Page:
Whilst big cards, with multiple noteworthy bouts, aren't rare in Japan it's rare to get a full card of notable and notable bouts. There is however one such card on December 30th when Ohashi put on a genuine super show with two world title bouts, two Olympic medal winners, several prospects and just one of those rare cards where everything looks to have significance...and that's despite the fact one of the key announced bouts for the show was actually cancelled due to an injury!
The main event of the card will see WBO Super Flyweight champion Naoya Inoue (11-0, 9) taking on former 2-time world champion Kohei Kono (32-9-1, 13). This will be Inoue's most notable bout in 2 years, since he beat Omar Andres Narvaez to claim the title, and will see him hunting his 4th defense and most notable so far. For Kono this is a chance to prove he's still a world class Super Flyweight and potentially a chance to become a 3-time world champion.
In the chief main event of the show we see IBF Light Flyweight champion Akira Yaegashi (24-5, 12) defending his title against Thailand's Samartlek Kokietgym (35-5, 12), who is best known for being stopped by the aforementioned Naoya Inoue in 2014. Yaegashi will be seeking his second defense of the title and will know that a win will lead him to about with interim champion Milan Melindo in 2017. A win for the challenger would be a shock and it would genuinely shake up the 108lbs division.
The chief support bout behind the double main event will see 2012 Olympic gold medal winner Ryota Murata (11-0, 8) fight against the once beaten Bruno Sandoval (19-1-1, 15). For Murata this bout is the next step forward as his team continue to pursue a 2017 fight with WBO champion Billy Joe Saunders, of the UK. Whilst Sandoval is a live opponent he hasn't really proven his worth and could well be an easy target for Murata, who has shown real improvement in recent bouts and with his heavy hands there is genuine potential.
Another major under-card bout will see the once beaten Ryo Matsumoto (17-1, 15) face off with his sole conqueror Victor Uriel Lopez (10-5-1, 4). This rematch was announced earlier in the year but cancelled as Matsumoto required surgery for a serious medical issue, the same issue that reared it's head in the first bout with Lopez. Now, supposedly healed, Matsumoto is looking for revenge whilst Lopez is looking to prove that Matsumoto's medical woes weren't the only reason for the result in the first bout.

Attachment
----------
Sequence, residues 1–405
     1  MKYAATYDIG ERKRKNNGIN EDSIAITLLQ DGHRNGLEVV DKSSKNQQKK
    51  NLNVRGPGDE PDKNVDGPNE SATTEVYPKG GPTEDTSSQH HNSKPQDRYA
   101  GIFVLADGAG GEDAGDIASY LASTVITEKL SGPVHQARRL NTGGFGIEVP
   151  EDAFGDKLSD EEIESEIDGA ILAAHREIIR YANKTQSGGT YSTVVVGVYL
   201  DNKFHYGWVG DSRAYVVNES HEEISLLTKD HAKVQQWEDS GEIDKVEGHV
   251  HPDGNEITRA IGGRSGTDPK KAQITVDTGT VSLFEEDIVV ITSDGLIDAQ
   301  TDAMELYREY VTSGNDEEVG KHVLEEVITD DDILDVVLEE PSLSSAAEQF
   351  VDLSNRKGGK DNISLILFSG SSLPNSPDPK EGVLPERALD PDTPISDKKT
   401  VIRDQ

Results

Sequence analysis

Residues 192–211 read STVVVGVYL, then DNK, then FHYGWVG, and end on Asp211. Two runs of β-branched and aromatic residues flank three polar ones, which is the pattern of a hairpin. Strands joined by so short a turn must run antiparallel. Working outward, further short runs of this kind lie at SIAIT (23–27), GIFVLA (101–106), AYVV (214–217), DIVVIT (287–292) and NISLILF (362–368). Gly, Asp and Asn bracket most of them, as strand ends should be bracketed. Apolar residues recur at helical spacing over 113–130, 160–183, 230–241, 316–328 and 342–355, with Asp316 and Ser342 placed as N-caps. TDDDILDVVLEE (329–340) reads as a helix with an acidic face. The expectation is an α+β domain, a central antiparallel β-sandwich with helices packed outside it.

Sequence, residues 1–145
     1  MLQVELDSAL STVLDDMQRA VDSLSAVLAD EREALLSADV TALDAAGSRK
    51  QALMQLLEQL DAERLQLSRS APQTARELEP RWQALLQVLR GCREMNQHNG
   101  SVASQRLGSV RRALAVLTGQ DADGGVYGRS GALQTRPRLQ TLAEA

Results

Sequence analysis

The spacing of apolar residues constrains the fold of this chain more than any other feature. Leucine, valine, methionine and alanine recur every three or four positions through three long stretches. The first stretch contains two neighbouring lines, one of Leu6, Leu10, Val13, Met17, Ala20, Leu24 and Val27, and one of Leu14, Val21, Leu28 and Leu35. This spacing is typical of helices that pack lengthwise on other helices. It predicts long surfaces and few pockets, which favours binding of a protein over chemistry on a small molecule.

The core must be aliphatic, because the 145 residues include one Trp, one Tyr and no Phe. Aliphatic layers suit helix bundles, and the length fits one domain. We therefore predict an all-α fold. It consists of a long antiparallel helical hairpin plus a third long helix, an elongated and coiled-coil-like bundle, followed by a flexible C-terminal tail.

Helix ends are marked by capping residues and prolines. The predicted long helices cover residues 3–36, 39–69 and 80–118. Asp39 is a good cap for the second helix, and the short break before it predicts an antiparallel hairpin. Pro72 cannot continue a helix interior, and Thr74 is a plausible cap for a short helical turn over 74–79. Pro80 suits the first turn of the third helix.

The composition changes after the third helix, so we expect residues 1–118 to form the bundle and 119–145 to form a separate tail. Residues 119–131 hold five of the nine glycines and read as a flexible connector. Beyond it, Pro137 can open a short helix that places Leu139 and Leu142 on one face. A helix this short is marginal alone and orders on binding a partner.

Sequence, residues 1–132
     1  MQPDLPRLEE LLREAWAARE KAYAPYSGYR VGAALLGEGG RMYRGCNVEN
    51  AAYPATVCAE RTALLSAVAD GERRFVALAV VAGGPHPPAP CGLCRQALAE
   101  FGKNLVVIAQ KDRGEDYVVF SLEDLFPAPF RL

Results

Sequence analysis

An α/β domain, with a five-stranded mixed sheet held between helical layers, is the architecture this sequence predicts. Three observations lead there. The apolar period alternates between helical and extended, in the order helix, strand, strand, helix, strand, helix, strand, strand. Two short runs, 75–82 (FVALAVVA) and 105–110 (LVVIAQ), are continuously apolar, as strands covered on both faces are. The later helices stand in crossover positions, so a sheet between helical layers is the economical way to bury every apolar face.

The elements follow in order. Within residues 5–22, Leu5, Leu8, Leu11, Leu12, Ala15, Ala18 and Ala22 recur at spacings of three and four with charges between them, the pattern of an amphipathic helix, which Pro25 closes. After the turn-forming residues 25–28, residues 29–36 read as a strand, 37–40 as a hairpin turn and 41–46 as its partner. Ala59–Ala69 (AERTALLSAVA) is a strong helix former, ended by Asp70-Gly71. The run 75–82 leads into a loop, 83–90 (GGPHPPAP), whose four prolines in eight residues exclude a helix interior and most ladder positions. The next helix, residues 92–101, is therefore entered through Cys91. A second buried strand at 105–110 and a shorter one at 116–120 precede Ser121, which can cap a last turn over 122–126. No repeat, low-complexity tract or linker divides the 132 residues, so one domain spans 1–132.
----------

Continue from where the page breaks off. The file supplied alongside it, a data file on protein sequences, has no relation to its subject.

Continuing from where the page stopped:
In a relatively interesting bout we'll see former world title challenger Ryuji Hara (20-2, 12) battle with Hiroya Yamamoto (10-4, 4). Hara is looking to get his career back ion the right track after a 2-2 record in is last 4, and should be too good for Yamamoto however the under-dog is a 2-time Japanese title challenger, having come up short to Go Odaira and Takuya Fukuhara, and is certainly a live under-dog here.
Naoya isn't the only fighter from the Inoue clan on this card, as his cousin Koki Inoue (5-0, 4) takes on his biggest test to date, Futoshi Usami (14-2-1, 11). Inoue is touted as another world champion in the making but this is a credible test for the Kanagawa man, especially given that Usami fought for the OPBF Lightweight title in 2014, and went the 12 round distance with the world ranked Masayoshi Nakatani.
Another unbeaten prospect on this card is 20 year old hopeful Andy Hiraoka (7-0, 4), who fights for the second time as an Ohashi fighter. The talented youngster will be up against Indonesian journeyman Naty Yongraksa (0-0), in what should be a straight forward win for the local star. The visitor is 1-5-1 in his last 7 and it's hard to see what he has to really Hiraoka.
The second Olympian on the show is 2012 Olympic bronze medal winner Satoshi Shimizu (1-0, 1), who takes a huge step up in class to take on Filipino Carlo Demecillo (6-3, 1). Whilst this is a big step up for Shimzu from his debut it should be noted that Demecillo struggled to win a round recently when he took in Hisashi Amagasa, back in October. Demecillo should give Shimizu some resistance, but the bout should be a win for the Japanese local